• Dennis Coyne
          Ignored
          says:

          Heinrich,

          Not the same amount, similar amounts. (-290 vs 275).

          My apologies, I don’t usually look carefully at the weekly data as it is not very useful in my opinion.

          I started with the page below

          https://www.eia.gov/dnav/pet/pet_sum_sndw_dcus_nus_w.htm

          and didn’t see anything on NGPL. Then I found the report you are referring to, which I rarely look at (link further down in the comment).

          So we will see if in the future these numbers match, I think that Guym suspects you are wrong that this will continue in future weeks.

          I agree with Guym.

          A single week might be coincidence, report back if the absolute values of these weekly differences matches for several weeks.

          https://www.eia.gov/petroleum/supply/weekly/pdf/wpsrall.pdf

          See Table 1 line 1 and line 16.

          • Guym
            Ignored
            says:

            It’s clear in the report, that they re-benchmarked the weekly, because the amounts differed so much from the monthlies. Had nothing to do with condensate, or NGL for the weekly petroleum estimate. What it will bounce back to on this weeks report should be interesting, but I am not going to try to outguess it. That’s as dangerous as guessing a woman’s age to her face. Look at the preface on the first page of the weekly webpage, and the note explanations on production in the full report. If the gas had an adjustment, too, it is, no doubt, a coincidence. After all, as you stated, the weeklies are highly suspect.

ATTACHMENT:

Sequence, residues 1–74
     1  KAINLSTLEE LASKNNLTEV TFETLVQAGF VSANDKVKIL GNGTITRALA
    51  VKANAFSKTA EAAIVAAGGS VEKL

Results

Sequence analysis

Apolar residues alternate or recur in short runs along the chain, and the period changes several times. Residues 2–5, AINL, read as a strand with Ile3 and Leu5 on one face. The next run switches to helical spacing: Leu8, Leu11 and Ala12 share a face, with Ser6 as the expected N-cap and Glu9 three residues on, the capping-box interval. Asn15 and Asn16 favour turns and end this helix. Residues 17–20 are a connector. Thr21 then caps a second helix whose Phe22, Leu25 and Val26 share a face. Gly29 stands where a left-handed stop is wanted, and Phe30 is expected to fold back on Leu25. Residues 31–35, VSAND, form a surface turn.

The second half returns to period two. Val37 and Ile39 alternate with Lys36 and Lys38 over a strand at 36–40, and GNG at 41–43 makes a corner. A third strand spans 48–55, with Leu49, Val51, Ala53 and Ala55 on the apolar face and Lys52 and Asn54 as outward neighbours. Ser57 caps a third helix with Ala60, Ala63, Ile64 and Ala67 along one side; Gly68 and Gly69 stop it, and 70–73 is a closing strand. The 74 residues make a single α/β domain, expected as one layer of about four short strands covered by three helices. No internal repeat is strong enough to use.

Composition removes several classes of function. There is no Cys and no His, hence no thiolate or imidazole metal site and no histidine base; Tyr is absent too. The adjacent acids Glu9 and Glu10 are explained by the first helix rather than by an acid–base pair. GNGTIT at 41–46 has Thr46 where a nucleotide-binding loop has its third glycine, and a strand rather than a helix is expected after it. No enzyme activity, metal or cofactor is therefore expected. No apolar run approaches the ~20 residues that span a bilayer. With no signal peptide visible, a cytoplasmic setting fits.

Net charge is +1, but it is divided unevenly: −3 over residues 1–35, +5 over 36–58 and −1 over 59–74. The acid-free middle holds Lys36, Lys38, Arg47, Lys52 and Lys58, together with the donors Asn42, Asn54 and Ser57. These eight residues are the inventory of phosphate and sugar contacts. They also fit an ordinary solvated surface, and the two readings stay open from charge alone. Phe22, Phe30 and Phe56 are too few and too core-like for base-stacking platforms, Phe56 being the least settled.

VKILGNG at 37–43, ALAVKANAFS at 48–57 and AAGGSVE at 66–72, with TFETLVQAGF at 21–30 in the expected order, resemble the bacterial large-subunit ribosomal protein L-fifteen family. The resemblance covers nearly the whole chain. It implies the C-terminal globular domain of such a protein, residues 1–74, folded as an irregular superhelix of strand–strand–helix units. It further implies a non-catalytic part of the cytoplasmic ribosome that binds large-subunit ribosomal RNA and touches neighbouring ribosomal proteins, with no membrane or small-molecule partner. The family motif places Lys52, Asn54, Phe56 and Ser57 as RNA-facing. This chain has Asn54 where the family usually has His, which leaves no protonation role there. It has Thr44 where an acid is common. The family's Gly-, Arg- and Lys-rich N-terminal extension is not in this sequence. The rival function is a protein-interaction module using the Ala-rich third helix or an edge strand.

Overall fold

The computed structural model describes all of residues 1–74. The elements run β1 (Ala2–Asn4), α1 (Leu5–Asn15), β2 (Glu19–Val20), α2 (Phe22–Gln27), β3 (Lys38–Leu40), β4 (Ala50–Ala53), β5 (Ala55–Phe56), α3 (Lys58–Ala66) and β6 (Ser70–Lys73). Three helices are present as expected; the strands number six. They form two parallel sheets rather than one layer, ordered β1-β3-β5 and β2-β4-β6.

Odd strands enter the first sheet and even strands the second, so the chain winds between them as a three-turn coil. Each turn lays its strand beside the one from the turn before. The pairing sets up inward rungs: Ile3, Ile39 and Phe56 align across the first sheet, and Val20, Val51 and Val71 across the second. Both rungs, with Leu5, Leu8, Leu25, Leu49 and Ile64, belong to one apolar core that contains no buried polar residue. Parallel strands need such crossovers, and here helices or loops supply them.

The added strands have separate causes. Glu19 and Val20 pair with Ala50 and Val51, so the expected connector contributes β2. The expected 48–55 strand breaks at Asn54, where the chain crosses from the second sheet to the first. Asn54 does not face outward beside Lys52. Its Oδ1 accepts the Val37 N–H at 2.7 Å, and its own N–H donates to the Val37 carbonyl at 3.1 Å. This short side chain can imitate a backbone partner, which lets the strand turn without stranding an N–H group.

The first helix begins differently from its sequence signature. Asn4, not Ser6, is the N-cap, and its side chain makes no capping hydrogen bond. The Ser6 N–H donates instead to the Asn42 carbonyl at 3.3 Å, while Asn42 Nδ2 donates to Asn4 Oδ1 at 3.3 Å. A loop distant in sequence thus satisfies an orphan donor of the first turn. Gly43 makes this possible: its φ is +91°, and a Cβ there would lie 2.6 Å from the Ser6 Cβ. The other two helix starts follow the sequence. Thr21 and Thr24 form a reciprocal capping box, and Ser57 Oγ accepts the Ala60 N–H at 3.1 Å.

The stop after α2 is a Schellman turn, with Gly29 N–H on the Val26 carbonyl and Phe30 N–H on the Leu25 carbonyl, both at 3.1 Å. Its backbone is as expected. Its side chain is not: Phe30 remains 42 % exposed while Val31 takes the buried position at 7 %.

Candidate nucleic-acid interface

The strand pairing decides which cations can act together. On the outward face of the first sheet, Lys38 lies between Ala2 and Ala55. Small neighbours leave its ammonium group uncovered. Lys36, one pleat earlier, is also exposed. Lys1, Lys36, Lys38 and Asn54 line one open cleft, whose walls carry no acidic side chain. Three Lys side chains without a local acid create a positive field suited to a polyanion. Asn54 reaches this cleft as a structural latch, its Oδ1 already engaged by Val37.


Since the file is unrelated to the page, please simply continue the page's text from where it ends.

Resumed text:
• Guym
          Ignored
          says:

          Correcting post above, that was Art Berman, not Phil Flynn.

    • Dennis Coyne
      Ignored
      says:

      Heinrich,

      The definition of NGPL changed in 2010, read the foot note to line 16 of table 1 of the Weekly supply report.

  10. likbez
    Ignored
    says:

    Brent crossed $70 recently. It might well be that banks switched from short to long on paper oil front. As Jamie Galbraith states:
    https://www.marketwatch.com/story/economist-james-k-galbraith-isnt-celebrating-dow-25000-2018-01-08
    == quote==
    You have to have a situation where banks, which are publicly chartered institutions, serve a public purpose with some common objectives. Some banks blew out the mortgage market, [and] they blew out technology investment two decades ago. What are they doing now? They are financing energy investments, and they are financing consumer debt. This is an almost brainless approach.
    == end of quote ==

  11. coffeeguyzz
    Ignored
    says:

    North Dakota Director’s Cut released for November production.
    Slight increase over October and about 32,000 bbl/d below all time high.
    High probability of hitting new record production numbers this spring or summer.